Ska, reggae, Tejano, soul, zydeco, and blues found common ground, this past weekend at Rockefeller’s, in a show just as diverse as the Gulf Coast.
You can always tell when a show is gonna be good when there’s a white-haired white guy in a denim outfit and conductor’s house running sound.
The Bayou City Bang-a-Rang: A Nick Gaitan’s Tune Parlour Showcase at Rockefeller’s February 25 featured headliners Bandulus out of Portland, OR with their ska reggae soul charm and Los Angeles traditional ska/rocksteady band, Steady 45s. Opening acts included Houston’s Nick Gaitan, members of Houston originals including The Umbrella Man, The Flamin’ Hellcats and the Pistoleros de Texas and DJ Simmer Down from The Tejas Got Soul all-vinyl sound system.
I had never been to Rockefeller’s, but I was really impressed with the venue. There was a spacious dance floor downstairs in front of the stage, and upstairs featured a wraparound balcony for those who would rather sit and watch the show, or, as I learned trying to snap a pic from up there, make out with their S.O. Both upstairs and downstairs featured full-service bars.
Nick Gaitan went on first, and I couldn’t keep from smiling as I was sincerely confused (in the best way possible) as to whether he and his band were playing Tejano music or soul music. Then, all of a sudden, I was no longer sure if it was blues, Tejano, soul, or zydeco. Gaitan and the band were clearly very seasoned musicians, and listeners could pick up on that as they each got solos throughout the set (there was an accordion!). As each band member showed his musical prowess, the dancers began to hit the floor.
Next up was the Steady 45s. DJ Isaac played while the band and sound guys got ready, and the coolest part of that was that he only spun from vinyls– no computers or ready-made tracks came from his table. All the tracks were fun, old school Tejano soul, and since it was all vinyl, we were treated to sounds we could only hear live.
By the time the Steady 45s hit the stage the crowd was significantly larger and even more diverse. Guys and gals varied from “dressed to the nines” to “sweats and reclined,” from middle-aged to freshly 21, and from “I know all the words to these songs” to “I’m just here to drink.” One thing they had in common, though, is that the entire mix of spirits had their dancing shoes on as the Steady 45s played big band reggae soul.
That’s right, as island vibey as the music was, the 45s was essentially a brass band singing Motown hits. I tripped out at their version of The Temptations “Just My Imagination” followed up by a funky island “Mama Said” by The Shirelles. As much as it sounds like this would never work, it totally made me want more. In the swaggiest, party-fueling manner, the band ended its set with the trombone players magically coming from the back of the crowd and playing in the middle of the dance floor while the audience boogied around them.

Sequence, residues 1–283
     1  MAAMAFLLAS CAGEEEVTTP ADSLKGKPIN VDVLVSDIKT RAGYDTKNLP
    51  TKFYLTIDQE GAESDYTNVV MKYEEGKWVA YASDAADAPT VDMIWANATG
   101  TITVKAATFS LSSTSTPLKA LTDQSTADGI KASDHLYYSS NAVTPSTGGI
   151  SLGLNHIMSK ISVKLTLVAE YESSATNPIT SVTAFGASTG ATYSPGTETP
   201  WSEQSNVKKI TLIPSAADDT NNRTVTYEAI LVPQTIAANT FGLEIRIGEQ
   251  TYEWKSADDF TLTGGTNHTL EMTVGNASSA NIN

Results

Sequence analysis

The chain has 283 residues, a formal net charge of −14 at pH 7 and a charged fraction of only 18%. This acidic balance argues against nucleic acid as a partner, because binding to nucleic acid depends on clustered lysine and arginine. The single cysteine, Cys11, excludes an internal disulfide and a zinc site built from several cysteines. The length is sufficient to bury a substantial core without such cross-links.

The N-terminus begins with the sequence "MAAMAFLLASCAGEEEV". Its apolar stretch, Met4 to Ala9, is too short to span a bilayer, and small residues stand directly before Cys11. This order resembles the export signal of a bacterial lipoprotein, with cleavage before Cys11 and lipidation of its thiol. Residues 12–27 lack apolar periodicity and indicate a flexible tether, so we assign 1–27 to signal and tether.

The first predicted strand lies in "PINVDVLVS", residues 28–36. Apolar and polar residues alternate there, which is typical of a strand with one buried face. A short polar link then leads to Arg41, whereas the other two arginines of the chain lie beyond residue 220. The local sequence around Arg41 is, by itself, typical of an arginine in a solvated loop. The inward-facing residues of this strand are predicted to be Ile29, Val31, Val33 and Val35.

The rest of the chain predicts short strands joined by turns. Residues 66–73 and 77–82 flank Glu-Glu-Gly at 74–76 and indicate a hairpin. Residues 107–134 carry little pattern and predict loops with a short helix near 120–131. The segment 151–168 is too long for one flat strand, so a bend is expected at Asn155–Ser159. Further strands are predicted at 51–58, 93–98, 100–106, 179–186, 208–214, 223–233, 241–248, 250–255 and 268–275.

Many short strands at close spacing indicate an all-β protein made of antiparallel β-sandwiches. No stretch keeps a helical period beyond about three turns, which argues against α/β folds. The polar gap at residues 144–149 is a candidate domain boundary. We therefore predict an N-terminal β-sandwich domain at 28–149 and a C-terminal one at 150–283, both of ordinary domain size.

The audience was all hopped up on Lone Star, the “National Beer of Texas,” when Bandulus prepped to perform. The party had already started before they even introduced themselves because they were dancing with the crowd to the DJ’s jams while simultaneously setting up their mics. It was already clear that crowd participation wasn’t going to be a problem here.
If I had to describe Bandulus with one word, I would immediately choose the word
“energy.” Before they even introduced themselves, the crowd was hopping up and down, and everyone had found a dance partner. The band’s foreman won over the hearts of the Houston music lovers with little adages here and there like, “This song goes out to anyone who didn’t vote for T****,” or “This song is dedicated to anyone who went through that Hurricane Ike s***.” But it wasn’t like that was what made the audience love them – the band was downright talented. Both of the women had the pipes to fight with the loud instruments and the chattiness or encouraging screams of audience members.
The best part of the night was Bandulus bringing the Steady 45s back on stage for a super fun, high-energy duet that had the crowd still jumping after the music stopped. No one could even leave the stage without everyone screaming for an encore, which they got from a tired band and a foreman with very little voice. The show, however, went on, and still managed to let out at a decent time.
I will definitely be back for the next Bang-a-Rang in the most comfortable of shoes to get my boogie on with the rest of the crowd.